Recruiting Hindsight: What some new college athletes would’ve done differently

Recruiting Hindsight: What some new college athletes would’ve done differently

NCSA Recruiting

Recruiting Hindsight: What some new college athletes would’ve done differently

USA TODAY High School Sports has a weekly column on the college recruiting process. Here, you’ll find practical tips and real-world advice on becoming a better recruit to maximize your opportunities to play at the college level. Kyle Winters was a standout high school pitcher who tossed seven scoreless innings in a major tournament during his senior year. That performance against some heavy-hitting future MLB draft picks helped Kyle earn a full-ride scholarship to the University of New Mexico. However, Kyle opted to play professional baseball and was drafted by the Florida Marlins in the fifth round and played seven seasons for various minor league teams.

Kyle is just one of many former college and professional players, college coaches, and parents who are part of the Next College Student Athlete team. Their knowledge, experience, and dedication along with NCSA’s history of digital innovation, and long-standing relationship with the college coaching community have made NCSA the largest and most successful athletic recruiting network in the country.

One thing every college athlete will tell you is hindsight is 20/20. There are certain lessons they wished they had learned earlier in their recruiting process. The good news is we hear from them every day and they would love to share their new-found wisdom with the next crop of college-bound athletes. We’ve gathered together some of the best advice here to help shorten your learning curve.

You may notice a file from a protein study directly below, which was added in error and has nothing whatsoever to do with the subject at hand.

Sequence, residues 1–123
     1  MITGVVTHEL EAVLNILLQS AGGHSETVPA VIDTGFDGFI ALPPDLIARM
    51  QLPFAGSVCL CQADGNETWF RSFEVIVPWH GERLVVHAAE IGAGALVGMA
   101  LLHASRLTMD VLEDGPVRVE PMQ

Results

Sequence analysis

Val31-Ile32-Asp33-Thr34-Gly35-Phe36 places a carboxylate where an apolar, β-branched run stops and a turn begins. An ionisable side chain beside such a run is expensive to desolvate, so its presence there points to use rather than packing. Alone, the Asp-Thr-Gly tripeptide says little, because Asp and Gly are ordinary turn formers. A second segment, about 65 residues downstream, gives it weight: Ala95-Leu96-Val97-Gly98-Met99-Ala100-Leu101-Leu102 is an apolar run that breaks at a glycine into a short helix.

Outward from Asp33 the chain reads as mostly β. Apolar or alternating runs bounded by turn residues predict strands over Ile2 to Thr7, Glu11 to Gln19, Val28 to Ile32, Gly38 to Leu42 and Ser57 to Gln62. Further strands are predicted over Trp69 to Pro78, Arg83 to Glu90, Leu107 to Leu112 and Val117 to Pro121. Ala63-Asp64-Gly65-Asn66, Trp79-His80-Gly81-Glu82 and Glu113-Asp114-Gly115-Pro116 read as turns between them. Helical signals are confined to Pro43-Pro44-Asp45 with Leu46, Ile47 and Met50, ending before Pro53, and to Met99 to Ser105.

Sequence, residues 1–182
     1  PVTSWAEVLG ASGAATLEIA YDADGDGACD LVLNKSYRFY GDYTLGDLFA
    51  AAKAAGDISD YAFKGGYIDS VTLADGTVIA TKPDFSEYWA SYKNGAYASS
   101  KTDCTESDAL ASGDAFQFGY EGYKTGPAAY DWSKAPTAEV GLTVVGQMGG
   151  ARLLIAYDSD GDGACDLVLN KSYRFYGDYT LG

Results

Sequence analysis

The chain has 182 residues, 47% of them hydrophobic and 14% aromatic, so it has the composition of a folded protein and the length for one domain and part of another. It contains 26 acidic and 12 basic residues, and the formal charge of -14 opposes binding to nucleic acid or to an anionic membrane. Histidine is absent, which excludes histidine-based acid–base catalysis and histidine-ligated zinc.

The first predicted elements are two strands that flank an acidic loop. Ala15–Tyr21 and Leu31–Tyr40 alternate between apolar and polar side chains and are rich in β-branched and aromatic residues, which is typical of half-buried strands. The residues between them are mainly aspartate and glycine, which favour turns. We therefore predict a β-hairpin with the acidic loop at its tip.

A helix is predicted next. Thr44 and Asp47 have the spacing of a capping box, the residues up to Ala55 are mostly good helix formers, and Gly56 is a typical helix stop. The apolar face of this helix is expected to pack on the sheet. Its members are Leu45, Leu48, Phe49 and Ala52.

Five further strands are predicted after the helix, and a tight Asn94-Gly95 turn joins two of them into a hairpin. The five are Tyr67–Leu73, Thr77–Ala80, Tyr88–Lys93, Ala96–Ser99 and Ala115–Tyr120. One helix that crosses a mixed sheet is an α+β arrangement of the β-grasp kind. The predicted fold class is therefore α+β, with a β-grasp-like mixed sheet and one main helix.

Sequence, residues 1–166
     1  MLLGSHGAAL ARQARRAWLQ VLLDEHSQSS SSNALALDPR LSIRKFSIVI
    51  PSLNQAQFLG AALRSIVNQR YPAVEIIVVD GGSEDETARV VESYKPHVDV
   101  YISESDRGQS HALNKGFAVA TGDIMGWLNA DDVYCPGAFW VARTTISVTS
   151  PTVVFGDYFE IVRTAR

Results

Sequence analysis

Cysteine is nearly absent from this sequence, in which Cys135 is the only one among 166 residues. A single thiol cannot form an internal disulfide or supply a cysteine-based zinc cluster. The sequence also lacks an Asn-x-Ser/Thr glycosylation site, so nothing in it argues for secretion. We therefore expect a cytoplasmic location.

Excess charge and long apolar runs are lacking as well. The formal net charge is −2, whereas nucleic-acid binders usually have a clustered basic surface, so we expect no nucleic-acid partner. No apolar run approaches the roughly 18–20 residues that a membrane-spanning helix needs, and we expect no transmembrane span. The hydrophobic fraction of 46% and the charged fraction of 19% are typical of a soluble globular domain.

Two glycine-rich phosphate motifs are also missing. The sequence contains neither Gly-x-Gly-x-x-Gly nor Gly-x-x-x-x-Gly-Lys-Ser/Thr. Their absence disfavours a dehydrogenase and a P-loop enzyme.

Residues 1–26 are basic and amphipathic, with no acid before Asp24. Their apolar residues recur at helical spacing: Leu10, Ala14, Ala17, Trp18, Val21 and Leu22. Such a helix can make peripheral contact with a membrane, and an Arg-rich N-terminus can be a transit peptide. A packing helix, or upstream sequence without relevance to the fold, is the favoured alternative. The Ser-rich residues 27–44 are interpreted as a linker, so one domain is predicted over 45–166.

Don’t wait to get your video online

Video is something that’s always easy to put off for another day. Or, maybe, you’re waiting for next week’s game footage to get that perfect play to cap off your highlight video. Many new college athletes will tell you not to wait.

“Once I put my video up, it was like boom, boom, boom, boom, boom–all of sudden these coaches started watching and they started emailing me,” said one new college football player. “I posted my video and honestly, it got a little bit overwhelming,” added a women’s volleyball player. “I just didn’t think coaches would respond that quickly to my video.”

Statistics bear this out. NCSA research shows that student-athletes with an online profile are 12 times more likely to be viewed by coaches. So, don’t procrastinate. Get your athlete’s video online. Check out ‘A quick parent guide to getting quality video for a highlight film‘ for some great advice on getting your video game in high gear.

Recruiting is a competition, not a to-do list

“I got my wake-up call at one of my first tournaments when I heard some college coaches were there. I thought great, they’ll probably come over to my court and watch me play,” remembered another volleyball player. “But then I realized they were here to watch other players who had reached out, emailed and contacted them. From then on, I knew I had to step up my game.”